Melody Emi Brunton initially discovered her fascination with ceramics amidst studying an Interior Design degree at university. Searching for an antidote to the cerebral hours spent behind a computer screen, pottery seemed like a tactile experience to (quite literally) get her hands dirty. Little did she know that tapping into the ancient tradition of ceramics would lead to exploring her Japanese roots, sharing knowledge and pouring her new found energy into all the right places – bringing people together and consequently to her business, Emi Ceramics.
We visited Melody at one of her Sydney ceramic workshops to talk all things clay, creation and crafting her own career path. Read the full chat below.
SQ: How do you describe your ceramics style?
M: I guess I try to make honest wares that celebrate the raw materials they’re made of and the practical use they are intended for. The tradition of ceramics spans centuries and at its core is the unity of earth, water and heat – the alchemy of these elements working together in itself is such a marvel that I feel like if I can let the process speak through my work, that’s the best result.
SQ: Tell us more about your background and the Japanese influences behind what you create?
M: I am half Japanese and grew up going back to Japan quite frequently throughout my childhood. However growing up in Australia, I did have to straddle a lot of the internalized feelings of not being quite Australian enough. I resented the fact that I had to speak Japanese with my mother and go to Japanese school every Sunday.
However with the lense of time, that perspective has changed and I’ve come to be more grounded in the inherited sensibilities of Japanese culture and the Australian context that I create work in.
SQ: When did you start running your group workshops?
M: After four years of doing ceramics I felt I had built up a little bit of knowledge that I wanted to share with people. It’s a craft where the learning never really ends, but it brings me such joy to be able to instill a little bit of knowledge about the practice to students.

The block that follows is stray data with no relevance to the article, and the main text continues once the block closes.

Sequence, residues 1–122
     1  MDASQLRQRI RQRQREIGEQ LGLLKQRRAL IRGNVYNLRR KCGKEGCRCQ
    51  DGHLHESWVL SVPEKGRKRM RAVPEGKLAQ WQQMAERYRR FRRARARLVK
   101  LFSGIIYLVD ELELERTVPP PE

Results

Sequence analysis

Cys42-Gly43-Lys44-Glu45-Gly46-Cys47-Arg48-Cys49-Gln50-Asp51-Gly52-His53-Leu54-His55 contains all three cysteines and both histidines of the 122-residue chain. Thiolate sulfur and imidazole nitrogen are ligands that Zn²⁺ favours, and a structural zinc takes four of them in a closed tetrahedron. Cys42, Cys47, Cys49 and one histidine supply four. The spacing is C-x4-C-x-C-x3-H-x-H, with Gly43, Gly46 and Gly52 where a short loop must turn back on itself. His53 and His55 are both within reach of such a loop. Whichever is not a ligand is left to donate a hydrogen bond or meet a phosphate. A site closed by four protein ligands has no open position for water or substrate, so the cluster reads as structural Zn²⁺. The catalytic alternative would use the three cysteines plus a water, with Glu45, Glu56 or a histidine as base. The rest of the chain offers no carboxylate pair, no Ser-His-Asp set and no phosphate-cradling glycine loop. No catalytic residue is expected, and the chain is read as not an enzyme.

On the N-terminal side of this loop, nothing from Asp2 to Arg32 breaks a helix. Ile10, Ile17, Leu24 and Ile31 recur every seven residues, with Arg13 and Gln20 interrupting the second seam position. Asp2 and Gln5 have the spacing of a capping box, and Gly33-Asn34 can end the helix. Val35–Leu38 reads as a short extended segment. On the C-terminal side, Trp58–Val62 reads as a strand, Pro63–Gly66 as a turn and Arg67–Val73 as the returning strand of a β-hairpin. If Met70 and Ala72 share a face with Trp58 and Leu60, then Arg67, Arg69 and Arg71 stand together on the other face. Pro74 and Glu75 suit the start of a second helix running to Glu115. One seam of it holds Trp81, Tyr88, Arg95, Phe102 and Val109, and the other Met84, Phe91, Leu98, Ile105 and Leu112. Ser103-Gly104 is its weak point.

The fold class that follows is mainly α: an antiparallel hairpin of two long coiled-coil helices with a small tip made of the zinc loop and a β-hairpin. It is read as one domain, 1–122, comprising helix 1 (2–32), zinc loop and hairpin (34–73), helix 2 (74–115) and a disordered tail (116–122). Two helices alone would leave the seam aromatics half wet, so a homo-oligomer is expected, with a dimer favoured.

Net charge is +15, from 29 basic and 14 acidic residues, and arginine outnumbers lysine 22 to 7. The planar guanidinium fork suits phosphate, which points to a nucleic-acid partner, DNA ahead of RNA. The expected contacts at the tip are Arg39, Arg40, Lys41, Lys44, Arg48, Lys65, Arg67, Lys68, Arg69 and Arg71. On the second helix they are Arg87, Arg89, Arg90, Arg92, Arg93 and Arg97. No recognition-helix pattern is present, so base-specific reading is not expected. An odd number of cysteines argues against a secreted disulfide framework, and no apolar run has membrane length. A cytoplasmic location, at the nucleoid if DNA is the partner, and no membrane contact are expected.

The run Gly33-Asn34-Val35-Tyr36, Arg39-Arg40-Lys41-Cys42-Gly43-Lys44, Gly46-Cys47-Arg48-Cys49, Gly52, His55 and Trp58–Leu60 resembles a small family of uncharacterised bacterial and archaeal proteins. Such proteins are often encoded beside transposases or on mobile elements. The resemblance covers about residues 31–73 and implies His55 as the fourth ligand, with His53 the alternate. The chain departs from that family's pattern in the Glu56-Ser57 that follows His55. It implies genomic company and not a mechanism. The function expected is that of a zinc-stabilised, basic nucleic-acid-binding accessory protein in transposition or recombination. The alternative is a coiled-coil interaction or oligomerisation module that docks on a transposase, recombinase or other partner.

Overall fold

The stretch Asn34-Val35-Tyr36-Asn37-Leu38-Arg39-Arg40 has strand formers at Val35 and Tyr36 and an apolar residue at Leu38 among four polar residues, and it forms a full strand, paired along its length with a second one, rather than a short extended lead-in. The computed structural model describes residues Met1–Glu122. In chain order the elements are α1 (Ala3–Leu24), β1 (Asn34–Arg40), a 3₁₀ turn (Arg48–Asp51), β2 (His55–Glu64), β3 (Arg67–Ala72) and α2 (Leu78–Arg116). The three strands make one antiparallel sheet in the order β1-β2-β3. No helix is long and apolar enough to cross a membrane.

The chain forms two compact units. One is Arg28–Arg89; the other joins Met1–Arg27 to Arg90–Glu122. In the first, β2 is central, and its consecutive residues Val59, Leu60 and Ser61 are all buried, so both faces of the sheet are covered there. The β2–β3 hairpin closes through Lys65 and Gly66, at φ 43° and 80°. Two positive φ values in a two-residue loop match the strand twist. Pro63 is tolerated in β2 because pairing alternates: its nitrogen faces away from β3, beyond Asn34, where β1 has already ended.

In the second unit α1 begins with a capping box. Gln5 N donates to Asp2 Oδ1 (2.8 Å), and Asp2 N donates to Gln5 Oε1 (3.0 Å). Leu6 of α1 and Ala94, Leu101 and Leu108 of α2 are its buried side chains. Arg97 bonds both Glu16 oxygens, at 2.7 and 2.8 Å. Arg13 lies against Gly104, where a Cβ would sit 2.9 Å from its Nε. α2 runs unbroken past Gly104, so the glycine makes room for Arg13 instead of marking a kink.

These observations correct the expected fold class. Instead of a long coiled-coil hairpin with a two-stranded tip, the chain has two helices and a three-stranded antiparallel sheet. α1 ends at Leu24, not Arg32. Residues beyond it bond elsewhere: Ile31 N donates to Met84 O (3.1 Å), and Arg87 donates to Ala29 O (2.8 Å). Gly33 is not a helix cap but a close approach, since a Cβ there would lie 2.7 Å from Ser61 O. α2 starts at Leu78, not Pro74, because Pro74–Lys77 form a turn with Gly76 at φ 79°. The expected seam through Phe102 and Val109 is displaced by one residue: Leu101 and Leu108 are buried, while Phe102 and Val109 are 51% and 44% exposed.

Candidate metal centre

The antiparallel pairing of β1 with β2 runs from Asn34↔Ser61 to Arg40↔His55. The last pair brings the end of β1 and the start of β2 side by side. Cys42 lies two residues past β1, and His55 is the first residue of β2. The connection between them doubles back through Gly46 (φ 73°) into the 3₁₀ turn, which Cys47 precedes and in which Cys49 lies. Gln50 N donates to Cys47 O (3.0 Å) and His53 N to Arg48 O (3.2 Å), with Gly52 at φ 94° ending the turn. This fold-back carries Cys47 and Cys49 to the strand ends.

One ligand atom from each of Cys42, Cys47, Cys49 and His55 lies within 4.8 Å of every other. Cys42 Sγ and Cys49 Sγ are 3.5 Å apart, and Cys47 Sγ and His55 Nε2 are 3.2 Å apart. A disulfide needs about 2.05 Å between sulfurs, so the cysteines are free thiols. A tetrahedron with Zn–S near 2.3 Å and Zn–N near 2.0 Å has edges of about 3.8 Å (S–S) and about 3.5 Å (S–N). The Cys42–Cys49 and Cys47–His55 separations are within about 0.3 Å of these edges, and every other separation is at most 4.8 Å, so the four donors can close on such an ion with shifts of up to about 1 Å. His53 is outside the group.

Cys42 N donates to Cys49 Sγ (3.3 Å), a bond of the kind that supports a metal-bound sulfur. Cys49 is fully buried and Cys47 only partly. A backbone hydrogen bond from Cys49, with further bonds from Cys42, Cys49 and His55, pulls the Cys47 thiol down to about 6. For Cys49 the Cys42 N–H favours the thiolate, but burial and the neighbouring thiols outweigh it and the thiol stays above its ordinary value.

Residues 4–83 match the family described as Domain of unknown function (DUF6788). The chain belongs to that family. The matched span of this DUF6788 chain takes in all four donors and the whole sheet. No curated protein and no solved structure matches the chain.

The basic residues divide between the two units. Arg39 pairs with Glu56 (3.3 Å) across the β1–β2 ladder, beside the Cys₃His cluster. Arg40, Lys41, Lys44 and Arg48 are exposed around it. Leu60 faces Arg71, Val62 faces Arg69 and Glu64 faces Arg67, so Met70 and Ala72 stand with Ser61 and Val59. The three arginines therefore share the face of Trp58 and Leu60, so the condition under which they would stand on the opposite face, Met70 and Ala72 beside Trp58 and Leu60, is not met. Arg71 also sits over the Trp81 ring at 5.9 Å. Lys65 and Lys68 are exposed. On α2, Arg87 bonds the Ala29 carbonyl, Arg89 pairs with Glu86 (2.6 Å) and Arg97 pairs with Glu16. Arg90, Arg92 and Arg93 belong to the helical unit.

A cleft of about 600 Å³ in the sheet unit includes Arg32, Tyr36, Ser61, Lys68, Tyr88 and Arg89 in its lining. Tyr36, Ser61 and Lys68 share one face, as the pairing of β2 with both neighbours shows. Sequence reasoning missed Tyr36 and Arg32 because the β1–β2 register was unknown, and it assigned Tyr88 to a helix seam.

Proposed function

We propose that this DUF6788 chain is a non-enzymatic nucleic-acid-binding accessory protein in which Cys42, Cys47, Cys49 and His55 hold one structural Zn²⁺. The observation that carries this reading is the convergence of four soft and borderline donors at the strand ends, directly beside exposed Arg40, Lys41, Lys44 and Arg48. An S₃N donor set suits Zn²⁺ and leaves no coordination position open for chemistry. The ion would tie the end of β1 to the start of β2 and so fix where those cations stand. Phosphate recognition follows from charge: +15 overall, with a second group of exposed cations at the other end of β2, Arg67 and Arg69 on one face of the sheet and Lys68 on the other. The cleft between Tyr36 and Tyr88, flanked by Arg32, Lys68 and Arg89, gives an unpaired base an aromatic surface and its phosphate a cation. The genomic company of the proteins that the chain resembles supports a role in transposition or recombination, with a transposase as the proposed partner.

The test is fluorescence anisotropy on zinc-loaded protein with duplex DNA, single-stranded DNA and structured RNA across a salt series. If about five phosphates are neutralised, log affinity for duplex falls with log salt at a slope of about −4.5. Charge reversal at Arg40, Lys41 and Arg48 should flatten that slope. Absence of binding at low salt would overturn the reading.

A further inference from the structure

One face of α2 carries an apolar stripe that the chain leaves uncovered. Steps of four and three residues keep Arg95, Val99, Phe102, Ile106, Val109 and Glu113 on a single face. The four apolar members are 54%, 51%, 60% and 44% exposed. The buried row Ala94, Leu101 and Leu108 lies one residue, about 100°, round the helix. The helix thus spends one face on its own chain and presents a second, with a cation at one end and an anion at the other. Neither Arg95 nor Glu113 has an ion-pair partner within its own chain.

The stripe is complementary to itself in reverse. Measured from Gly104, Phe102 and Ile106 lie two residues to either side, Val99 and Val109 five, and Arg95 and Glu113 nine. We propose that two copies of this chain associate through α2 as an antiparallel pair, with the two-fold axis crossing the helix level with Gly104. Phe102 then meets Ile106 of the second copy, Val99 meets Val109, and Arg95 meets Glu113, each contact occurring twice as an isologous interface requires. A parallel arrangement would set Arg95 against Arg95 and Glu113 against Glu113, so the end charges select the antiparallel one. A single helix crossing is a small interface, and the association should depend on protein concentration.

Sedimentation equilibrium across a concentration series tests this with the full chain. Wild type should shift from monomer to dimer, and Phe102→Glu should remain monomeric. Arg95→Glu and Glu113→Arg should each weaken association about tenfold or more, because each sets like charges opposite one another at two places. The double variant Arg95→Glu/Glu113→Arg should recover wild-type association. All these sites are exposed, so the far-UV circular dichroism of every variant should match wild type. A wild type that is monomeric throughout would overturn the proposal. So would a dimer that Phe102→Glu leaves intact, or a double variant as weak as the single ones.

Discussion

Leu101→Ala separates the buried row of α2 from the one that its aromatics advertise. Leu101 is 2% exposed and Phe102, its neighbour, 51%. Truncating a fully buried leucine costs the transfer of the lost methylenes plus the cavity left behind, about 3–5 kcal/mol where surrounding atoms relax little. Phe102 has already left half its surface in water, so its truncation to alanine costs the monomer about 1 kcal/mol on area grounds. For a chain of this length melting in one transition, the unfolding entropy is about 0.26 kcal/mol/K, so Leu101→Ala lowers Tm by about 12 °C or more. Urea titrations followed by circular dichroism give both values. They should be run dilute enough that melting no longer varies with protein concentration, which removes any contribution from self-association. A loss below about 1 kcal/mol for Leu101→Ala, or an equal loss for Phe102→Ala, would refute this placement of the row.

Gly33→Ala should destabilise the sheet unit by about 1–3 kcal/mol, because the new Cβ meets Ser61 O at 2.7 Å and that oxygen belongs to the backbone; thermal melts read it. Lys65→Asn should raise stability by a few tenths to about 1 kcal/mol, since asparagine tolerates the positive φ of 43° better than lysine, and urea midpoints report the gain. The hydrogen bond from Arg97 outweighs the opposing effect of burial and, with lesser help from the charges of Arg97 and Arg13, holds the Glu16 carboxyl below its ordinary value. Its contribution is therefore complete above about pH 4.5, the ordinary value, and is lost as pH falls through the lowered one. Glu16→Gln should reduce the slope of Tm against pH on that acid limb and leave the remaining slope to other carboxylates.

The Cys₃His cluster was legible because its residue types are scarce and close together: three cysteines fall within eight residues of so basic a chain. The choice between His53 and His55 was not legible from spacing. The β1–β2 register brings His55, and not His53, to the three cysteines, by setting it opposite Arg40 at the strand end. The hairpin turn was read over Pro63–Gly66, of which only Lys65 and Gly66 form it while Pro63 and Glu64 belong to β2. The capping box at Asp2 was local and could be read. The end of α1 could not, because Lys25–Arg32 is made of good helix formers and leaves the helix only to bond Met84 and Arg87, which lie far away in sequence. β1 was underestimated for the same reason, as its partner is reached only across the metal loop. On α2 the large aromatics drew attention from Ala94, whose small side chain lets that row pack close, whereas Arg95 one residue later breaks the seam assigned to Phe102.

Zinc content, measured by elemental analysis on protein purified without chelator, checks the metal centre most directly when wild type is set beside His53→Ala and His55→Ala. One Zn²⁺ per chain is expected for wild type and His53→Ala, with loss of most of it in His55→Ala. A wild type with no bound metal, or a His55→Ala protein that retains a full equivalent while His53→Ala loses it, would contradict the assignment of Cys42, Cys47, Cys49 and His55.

Because it is such a sensorial art, the ah-ha moments of a student having adjusted their hands slightly and understanding how that impacts the clay is what I love the most!
SQ: Why did you choose Square to power your business?
M: Square has been integral to my business. Initially its portability allowed me to share my work at markets and events early on in trying to turn this hobby into a career. The Square Reader was an easy way to accept payments at front facing markets. As my business grew I moved online, creating my website with Square Online, using Invoices for custom orders and Appointments to run my in-person workshops.
Day-to-day I’ll check if any new orders have come through on my website and then package and ship those orders out. Then I’ll go to Invoices and check in on any that need to be followed up, or sent out. Finally I’ll check my Appointments to see if any new bookings have been made for private classes and confirm bookings.
Square Appointments has been such a useful addition to my business as it has allowed me to pre-set my availability and so people can easily book lessons up to a year in advance.”Melody Emi Brunton → Owner Emi Ceramics
SQ: What’s one misconception people have about ceramics?
M: I think people often underestimate how much physical strength is needed in the throwing process – it is very demanding! But I also think that people don’t realise how time intensive every step is and how finicky it is in terms of being workable at very specific windows of being not too dry and not too wet. It’s a constant push and pull, a balancing act and it teaches you a lot about patience.
SQ: What are your future plans?
M: I have just gotten into the rhythm of making after moving from the Inner West to the Wollondilly Shire of NSW so I’m actually just enjoying the stability that has finally come after a very tumultuous last six months!